This story was originally published in Newsday on April 23, 2007
Shortly before six o'clock in the morning, Alijca Barahona, strolled down to the beach near the lighthouse in Montauk Point State Park. She dangled her fingers in the cold waters of the Atlantic Ocean, then turned around, ran out of the park and on to Montauk Highway.
She kept going for the next 29 hours. That was Saturday.
Yesterday, shortly after 11 a.m., Barahona, 55, crouched down a bit shakily in North Woodmere Park and dipped her hand into Hook Creek, on the border of Nassau and Queens.
It was a symbolic ending to a remarkable two-day road trip.
Barahona, an elite ultradistance runner from Greenburgh in Westchester County, ran 120 miles from Montauk to Queens in what she called "The Running Fight for Breast Cancer." She is believed to be the first person to complete a solo run across the length of Nassau and Suffolk.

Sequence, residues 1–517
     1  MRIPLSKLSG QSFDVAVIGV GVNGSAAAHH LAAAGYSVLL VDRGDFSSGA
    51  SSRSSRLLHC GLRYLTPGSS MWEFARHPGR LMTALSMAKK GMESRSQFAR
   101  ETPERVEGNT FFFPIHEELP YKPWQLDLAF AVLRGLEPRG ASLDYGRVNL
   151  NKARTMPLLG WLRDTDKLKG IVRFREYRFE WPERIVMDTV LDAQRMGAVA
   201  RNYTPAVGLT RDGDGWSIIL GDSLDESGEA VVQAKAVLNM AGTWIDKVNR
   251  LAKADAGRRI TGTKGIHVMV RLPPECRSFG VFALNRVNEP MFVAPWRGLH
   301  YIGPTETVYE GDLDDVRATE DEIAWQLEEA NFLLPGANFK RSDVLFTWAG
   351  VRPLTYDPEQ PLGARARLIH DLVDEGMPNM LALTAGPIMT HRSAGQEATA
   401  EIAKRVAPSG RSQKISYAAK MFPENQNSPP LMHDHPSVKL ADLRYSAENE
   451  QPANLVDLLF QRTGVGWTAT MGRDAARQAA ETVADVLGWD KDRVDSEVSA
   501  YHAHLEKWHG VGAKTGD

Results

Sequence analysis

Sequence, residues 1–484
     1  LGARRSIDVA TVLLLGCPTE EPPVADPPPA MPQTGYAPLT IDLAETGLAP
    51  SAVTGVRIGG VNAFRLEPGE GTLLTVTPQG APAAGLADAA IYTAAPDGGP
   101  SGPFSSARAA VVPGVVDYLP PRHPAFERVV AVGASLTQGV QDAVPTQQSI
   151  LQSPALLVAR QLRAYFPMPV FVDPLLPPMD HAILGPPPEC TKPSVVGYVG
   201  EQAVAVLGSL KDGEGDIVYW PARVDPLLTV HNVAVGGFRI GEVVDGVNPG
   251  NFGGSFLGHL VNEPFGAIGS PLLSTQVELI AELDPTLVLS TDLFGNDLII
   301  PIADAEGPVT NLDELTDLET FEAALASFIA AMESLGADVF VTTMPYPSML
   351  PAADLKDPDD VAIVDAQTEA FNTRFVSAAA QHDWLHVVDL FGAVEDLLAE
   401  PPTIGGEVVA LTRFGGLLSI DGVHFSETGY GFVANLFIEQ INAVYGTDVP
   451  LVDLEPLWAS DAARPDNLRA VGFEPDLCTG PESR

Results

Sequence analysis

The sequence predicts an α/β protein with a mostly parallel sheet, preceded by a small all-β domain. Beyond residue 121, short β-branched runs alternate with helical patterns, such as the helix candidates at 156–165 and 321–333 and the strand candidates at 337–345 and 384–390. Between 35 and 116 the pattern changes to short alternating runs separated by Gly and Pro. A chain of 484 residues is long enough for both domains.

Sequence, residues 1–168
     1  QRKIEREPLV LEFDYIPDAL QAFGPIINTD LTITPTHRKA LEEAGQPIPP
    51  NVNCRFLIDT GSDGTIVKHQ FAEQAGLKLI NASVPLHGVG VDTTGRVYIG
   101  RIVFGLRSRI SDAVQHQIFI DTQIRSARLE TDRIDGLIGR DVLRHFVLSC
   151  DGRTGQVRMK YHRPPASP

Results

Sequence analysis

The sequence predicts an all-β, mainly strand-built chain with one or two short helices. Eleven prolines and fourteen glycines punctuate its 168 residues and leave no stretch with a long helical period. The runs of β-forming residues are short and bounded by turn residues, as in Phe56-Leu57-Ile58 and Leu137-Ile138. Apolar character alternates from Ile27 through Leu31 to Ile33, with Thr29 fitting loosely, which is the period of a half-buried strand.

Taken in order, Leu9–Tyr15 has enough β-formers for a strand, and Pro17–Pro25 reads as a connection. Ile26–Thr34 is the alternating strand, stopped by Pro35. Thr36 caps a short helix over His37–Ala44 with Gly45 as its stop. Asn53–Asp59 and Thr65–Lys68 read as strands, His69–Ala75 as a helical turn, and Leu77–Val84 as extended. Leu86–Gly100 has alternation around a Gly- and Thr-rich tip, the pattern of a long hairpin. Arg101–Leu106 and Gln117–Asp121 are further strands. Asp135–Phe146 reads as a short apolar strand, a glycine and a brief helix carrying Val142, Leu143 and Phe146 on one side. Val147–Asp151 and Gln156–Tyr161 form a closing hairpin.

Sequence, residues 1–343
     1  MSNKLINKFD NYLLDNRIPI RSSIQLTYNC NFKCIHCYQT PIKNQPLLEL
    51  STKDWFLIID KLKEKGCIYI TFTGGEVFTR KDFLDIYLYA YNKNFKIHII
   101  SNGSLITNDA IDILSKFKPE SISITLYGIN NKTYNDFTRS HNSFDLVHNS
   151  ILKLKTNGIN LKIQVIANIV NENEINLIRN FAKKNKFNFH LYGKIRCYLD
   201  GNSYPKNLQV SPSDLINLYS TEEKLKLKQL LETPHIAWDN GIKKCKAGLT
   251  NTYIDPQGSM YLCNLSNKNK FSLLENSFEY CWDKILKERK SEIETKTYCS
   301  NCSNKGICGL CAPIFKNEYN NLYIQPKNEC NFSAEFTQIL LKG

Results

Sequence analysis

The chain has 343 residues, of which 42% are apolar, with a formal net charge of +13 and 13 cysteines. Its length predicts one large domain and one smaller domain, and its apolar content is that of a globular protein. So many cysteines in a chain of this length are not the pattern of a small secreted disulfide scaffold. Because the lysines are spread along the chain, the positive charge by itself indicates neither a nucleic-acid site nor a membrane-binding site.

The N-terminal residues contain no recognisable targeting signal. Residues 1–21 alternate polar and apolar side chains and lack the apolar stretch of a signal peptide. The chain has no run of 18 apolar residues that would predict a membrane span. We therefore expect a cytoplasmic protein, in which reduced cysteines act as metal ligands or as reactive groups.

A chemist from Poland who has lived in the United States for 16 years, Barahona completed her run without sleeping and without stopping for anything more than bathroom breaks. Yet, she bounded into the park, bright-eyed and chipper.
"She looks like she could do another 120," marveled captain Brad Gitlin of the Hewlett Volunteer Fire Department, who blasted the sirens of his fire engine to celebrate Barahona's finish.
"I feel great," she said. "No blisters, no cramps, no stiffness."
Barahona, who has competed in ultradistance events from Africa to Alaska, said she ran the length of Long Island because she felt "I had to do something" about breast cancer, particularly when, during one week in early March, she learned that three people she knew had been diagnosed with the disease.
When she heard about the Long Island 2-Day Walk to Fight Breast Cancer, Barahona thought a run across Nassau and Suffolk could help build awareness about that event, which is held in June and raises money for local breast cancer charities.
Barahona plans to be back at work today, but will soon resume her training in preparation for a 145-mile race in England on May 26-27. Then she'll return to New York to participate in the Long Island walk, on June 9-10, when she'll walk with about 300 other women from Smith Point County Park to Cathedral Pines County Park in Middle Island and back again; "only" 35 miles.